4. The GPU itself makes a choice between minification and magnification, but allows you to select what kind of filtering to use in each case. For this purpose, invoke the glTexParameteri() function. If the second parameter (parameter name) is GL_TEXTURE_MAG_FILTER, the third parameter is either GL_NEAREST or GL_LINEAR. If the second parameter is GL_TEXTURE_MIN_FILTER, the third parameter is either GL_NEAREST_MIPMAP_NEAREST, GL_LINEAR_MIPMAP_NEAREST, GL_NEAREST_MIPMAP_LINEAR, GL_LINEAR_MIPMAP_LINEAR, GL_NEAREST, or GL_LINEAR. These 6 options are those presented in Mipmapping for Minification.

Texturing Example

In order to generate a texture in OpenGL® ES, you usually have to decode the image file stored in the file system. In Tizen, you can use the Evas API (in mobile and wearable applications) to get the decoded bitmap buffer from the image file, as shown in the following example. The code creates an independent Ecore_Evas object, which contains Evas_Object. It provides a method to decode the designated image file and store the bitmap data into its own buffer. You can get the internal buffer pointer and then upload the buffer to the texture.

/*
   Create OpenGL® ES Texture object from image file path
   @param[in] parent Evas object
   @param[in] filename image file path
   @return texture id
*/
unsigned int
create_texture(Evas_Object *parent, const char *filename)
{
    unsigned int gltex_object;
    int w;
    int h;
    int surface_w;
    int surface_h;
    evas_object_geometry_get(parent, NULL, NULL, &surface_w, &surface_h);

    Evas_Object *inline_buffer = elm_win_add(parent, "Img Read", ELM_WIN_INLINED_IMAGE);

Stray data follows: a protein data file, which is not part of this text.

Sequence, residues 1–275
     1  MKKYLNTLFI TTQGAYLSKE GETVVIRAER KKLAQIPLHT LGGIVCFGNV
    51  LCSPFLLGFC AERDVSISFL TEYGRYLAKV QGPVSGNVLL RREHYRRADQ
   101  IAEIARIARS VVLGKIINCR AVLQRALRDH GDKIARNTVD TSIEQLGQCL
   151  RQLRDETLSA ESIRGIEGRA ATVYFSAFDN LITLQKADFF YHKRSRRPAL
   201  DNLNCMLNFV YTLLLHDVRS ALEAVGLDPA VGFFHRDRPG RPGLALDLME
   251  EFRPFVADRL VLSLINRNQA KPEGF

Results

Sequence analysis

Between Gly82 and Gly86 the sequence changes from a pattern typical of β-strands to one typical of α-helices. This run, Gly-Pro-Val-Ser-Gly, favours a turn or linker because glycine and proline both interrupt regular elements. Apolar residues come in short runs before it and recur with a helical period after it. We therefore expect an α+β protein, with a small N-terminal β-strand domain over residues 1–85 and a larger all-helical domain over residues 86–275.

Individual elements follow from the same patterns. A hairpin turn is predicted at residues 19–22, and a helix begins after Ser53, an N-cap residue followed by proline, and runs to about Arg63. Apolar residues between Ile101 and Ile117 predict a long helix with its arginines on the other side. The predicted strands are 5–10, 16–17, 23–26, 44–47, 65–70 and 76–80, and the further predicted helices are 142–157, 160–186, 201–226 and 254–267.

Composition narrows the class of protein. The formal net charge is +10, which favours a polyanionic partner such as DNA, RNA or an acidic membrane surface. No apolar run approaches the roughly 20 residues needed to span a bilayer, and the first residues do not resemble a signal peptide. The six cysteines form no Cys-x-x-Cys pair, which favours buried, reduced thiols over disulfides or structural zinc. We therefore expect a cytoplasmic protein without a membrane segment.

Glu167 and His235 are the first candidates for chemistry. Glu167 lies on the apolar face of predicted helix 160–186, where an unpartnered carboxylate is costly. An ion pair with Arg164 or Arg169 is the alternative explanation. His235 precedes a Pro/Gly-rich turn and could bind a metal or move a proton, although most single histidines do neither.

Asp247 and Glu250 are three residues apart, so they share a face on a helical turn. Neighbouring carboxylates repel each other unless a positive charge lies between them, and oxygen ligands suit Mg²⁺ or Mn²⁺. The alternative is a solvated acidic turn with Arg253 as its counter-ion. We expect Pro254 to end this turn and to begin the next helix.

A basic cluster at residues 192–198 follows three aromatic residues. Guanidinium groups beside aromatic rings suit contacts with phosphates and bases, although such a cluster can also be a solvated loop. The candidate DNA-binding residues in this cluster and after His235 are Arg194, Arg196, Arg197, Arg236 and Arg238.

evas_object_move(inline_buffer, 0, 0);
    evas_object_resize(inline_buffer, surface_w, surface_h);
    evas_object_show(inline_buffer);

    Evas *canvas = evas_object_evas_get(inline_buffer);
    Evas_Object *image = evas_object_image_add(canvas);

    char path[200];
    sprintf(path, "%s%s", app_get_resource_path(), filename);
    evas_object_image_file_set(image, path, NULL);
    evas_object_image_size_get(image, &w, &h);
    evas_object_image_fill_set(image, 0, 0, w, h);
    evas_object_image_filled_set(image, EINA_TRUE);
    evas_object_resize(image, w, h);
    evas_object_show(image);

    elm_win_render(inline_buffer);

    GLubyte *pixels;
    pixels = (GLubyte *)evas_object_image_data_get(image, EINA_FALSE);

    glPixelStorei(GL_UNPACK_ALIGNMENT, 1);
    glGenTextures(1, &gltex_object);

    glBindTexture(GL_TEXTURE_2D, gltex_object);

    glTexImage2D(GL_TEXTURE_2D, 0, GL_BGRA_EXT, w, h, 0, GL_BGRA_EXT,
                 GL_UNSIGNED_BYTE, pixels);

    glGenerateMipmap(GL_TEXTURE_2D);

    glTexParameteri(GL_TEXTURE_2D, GL_TEXTURE_MIN_FILTER, GL_LINEAR_MIPMAP_LINEAR);
    glTexParameteri(GL_TEXTURE_2D, GL_TEXTURE_MAG_FILTER, GL_LINEAR);

    glTexParameteri(GL_TEXTURE_2D, GL_TEXTURE_WRAP_S, GL_REPEAT);
    glTexParameteri(GL_TEXTURE_2D, GL_TEXTURE_WRAP_T, GL_REPEAT);

    glBindTexture(GL_TEXTURE_2D, 0);

    evas_object_del(inline_buffer);

    return gltex_object;
}